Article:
Intellectual Property Rights, Development, and Catch Up: An International Comparative Study

Paperback | March 2, 2012

EditorHiroyuki Odagiri, Akira Goto, Atsushi Sunami

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For most countries, economic development involves a process of 'catching up' with leading countries at the time. This is never achieved solely by physical assets and labour alone: also needed are the accumulation of technological capabilities, educational attainment, entrepreneurship, and thedevelopment of the necessary institutional infrastructure. One element of this infrastructure is the regime of intellectual property rights (IPR), particularly patents. Patents may promote innovation and catch up, and they may foster formal technology transfer. Yet they may also prove to be barriersfor developing countries that intend to acquire technologies through imitation and reverse engineering. The current move to harmonize the IPR system internationally, such as the TRIPS agreement, may thus have unexpected consequences for developing countries. This book explores these issues through an in depth study of eleven countries ranging from early developers (the USA, the Nordic Countries, and Japan), and Post-World War II countries (Korea, Taiwan, Israel) to more recent emerging economies (Argentina, Brazil, China, India, and Thailand). With contributions from international experts on innovation systems, this book will be an invaluable resource for academics and policymakers in the fields of economic development, innovation studies and intellectual property laws.

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For most countries, economic development involves a process of 'catching up' with leading countries at the time. This is never achieved solely by physical assets and labour alone: also needed are the accumulation of technological capabilities, educational attainment, entrepreneurship, and thedevelopment of the necessary institutional i...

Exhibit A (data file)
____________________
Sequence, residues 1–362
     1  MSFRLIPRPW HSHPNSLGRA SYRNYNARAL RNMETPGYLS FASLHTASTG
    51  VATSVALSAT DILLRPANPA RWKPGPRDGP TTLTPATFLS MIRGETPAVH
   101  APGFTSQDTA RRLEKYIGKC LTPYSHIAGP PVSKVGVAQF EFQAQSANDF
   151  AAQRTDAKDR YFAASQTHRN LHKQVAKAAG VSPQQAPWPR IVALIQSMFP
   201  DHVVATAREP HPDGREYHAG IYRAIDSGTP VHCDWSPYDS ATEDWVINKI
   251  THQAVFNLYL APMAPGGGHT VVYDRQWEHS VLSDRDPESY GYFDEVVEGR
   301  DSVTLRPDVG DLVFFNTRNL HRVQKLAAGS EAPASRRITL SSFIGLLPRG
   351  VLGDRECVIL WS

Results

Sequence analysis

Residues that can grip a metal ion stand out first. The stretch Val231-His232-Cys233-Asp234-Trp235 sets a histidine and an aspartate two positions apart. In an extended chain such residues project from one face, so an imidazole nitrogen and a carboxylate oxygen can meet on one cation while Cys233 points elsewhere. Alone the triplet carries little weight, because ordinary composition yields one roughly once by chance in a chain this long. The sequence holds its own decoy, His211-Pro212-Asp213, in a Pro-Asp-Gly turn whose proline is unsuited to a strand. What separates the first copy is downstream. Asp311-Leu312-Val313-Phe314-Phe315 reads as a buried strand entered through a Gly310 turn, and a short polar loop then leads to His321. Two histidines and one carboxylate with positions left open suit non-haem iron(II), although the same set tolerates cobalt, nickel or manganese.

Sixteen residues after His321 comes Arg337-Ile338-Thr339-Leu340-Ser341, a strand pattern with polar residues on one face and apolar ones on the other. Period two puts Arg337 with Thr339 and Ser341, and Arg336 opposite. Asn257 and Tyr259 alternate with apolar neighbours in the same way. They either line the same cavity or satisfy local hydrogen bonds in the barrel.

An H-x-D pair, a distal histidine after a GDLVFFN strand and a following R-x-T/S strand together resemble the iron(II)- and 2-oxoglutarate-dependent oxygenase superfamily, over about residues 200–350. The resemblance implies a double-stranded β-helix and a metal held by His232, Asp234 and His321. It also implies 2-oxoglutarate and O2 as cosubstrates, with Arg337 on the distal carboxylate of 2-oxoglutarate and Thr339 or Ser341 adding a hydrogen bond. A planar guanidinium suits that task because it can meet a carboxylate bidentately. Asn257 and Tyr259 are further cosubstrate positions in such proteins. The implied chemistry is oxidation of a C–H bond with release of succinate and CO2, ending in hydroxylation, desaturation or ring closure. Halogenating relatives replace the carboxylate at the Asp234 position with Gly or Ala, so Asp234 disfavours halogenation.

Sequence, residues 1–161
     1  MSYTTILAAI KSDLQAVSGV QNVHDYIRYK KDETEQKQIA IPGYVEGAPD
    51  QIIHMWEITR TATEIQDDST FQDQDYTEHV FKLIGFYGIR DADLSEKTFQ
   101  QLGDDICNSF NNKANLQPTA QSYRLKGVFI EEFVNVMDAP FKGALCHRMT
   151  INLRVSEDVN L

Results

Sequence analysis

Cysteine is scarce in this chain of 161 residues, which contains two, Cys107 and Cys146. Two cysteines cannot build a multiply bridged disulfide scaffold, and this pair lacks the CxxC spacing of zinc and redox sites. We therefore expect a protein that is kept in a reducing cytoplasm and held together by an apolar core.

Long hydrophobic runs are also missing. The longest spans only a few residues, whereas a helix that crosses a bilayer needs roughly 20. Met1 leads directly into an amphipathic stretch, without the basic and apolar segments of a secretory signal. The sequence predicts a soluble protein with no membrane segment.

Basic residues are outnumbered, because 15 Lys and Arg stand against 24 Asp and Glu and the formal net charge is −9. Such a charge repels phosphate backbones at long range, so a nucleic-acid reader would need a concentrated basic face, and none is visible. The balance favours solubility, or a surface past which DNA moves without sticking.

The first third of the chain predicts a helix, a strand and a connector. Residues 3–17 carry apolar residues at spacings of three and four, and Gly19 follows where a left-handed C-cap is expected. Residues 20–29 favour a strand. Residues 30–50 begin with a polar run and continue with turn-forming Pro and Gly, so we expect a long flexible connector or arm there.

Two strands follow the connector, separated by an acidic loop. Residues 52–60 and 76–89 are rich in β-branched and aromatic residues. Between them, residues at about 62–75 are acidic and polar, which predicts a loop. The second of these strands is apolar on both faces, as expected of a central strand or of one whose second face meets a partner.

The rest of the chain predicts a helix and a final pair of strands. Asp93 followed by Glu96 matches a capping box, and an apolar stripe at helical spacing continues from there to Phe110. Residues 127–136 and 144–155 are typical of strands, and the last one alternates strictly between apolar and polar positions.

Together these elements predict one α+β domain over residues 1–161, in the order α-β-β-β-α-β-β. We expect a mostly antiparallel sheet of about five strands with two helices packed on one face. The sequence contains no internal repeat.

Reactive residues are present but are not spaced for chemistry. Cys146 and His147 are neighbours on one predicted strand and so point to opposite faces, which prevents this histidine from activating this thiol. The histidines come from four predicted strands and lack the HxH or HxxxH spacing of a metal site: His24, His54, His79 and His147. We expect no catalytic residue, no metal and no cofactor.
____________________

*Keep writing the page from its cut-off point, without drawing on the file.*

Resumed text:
Hiroyuki Odagiri studied at Kyoto University (B.A.), Osaka University (M.A.) and Northwestern University (Ph.D.) and, since 1998, has been teaching at the Department of Economics, Hitotsubashi University, Japan. His fields of specialization are the theory of the firm, industrial organization, and economic studies of innovation. He has...

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Format:PaperbackDimensions:464 pagesPublished:March 2, 2012Publisher:Oxford University PressLanguage:English

The following ISBNs are associated with this title:

ISBN - 10:0199639639

ISBN - 13:9780199639632

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Table of Contents

1. Hiroyuki Odagiri, Akira Goto, Atsushi Sunami, and Richard R. Nelson: IntroductionPart I: Early Developing Countries2. David C. Mowery: IPR and US Economic Catch-Up3. Kristine Bruland: Knowledge Flows and Catching-Up Industrialization in the Nordic Countries: The Roles of Patent Systems4. Hiroyuki Odagiri, Akira Goto, and Atsushi Sunami: Catch-Up Process in Japan and the IPR SystemPart II: Post-World War II Developing Countries5. Keun Lee and Yee Kyoung Kim: IPR and Technological Catch-Up in Korea6. H. L. Wu, Y. C. Chiu, and T. L. Lee: IPRs Regime and Catch-Up: The Taiwanese Experience7. Meir Pugatch, Morris Teubal, and Odeda Zlotnick: Israel's High Tech Catch-Up Process: The Role of IPR and Other PoliciesPart III: Latin America8. Andres Lopez: Innovation and IPR in a Catch-Up-Falling-Behind Process: The Argentine Case9. Roberto Mazzoleni and Luciano Martins Costa Povoa: Accumulation of Technological Capabilities and Economic Development: Did Brazil's IPR Regime Matter?Part IV: Asia10. Lan Xue and Zheng Liang: Relationships between IPR and Technology Catch-Up: Some Evidences from China11. Bhaven N. Sampat: The Accumulation of Capabilities in Indian Pharmaceuticals and Software: The Roles that Patents Did (and Did Not) Play12. Patarapong Intarakamnerd and Peera Charoenporn: The Roles of IPR Regime on Thailand's Technological Catching-Up13. Hiroyuki Odagiri, Akira Goto, Atsushi Sunami, and Richard R. Nelson: Conclusion

Editorial Reviews

'...these essays are an important addition to the English-language literature on modern Japanese development. While they are of particular interest to readers looking for information on recent decades, many of the chapters relate to broader areas of concern. As such, the individual chaptersare likely to appeal to a wide audience of business historians. The publishers should be commended for bringing out another well-produced volume which brings the scholarship of some of Japan's leading scholars to a wider audience.' --Janet Hunter Business History. London School of Economics